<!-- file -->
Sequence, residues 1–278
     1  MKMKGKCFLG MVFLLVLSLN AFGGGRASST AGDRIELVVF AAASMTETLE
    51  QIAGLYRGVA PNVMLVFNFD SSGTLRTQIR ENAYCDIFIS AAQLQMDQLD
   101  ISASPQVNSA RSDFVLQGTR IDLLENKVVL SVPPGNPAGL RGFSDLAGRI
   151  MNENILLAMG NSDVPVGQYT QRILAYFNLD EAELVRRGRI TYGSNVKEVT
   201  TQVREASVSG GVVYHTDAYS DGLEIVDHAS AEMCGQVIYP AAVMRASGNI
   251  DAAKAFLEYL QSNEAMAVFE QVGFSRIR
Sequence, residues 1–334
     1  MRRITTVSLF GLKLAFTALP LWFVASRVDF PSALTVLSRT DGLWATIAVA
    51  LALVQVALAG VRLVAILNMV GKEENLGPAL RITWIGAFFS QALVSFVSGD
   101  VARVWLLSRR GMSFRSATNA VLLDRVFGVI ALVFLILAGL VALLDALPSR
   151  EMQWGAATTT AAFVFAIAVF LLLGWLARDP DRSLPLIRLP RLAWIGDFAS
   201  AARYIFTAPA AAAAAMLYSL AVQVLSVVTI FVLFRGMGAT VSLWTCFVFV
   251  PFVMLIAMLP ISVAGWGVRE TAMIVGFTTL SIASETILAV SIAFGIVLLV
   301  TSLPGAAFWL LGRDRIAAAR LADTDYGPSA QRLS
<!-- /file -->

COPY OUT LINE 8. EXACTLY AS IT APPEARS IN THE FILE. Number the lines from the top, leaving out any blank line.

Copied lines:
Sequence, residues 1–334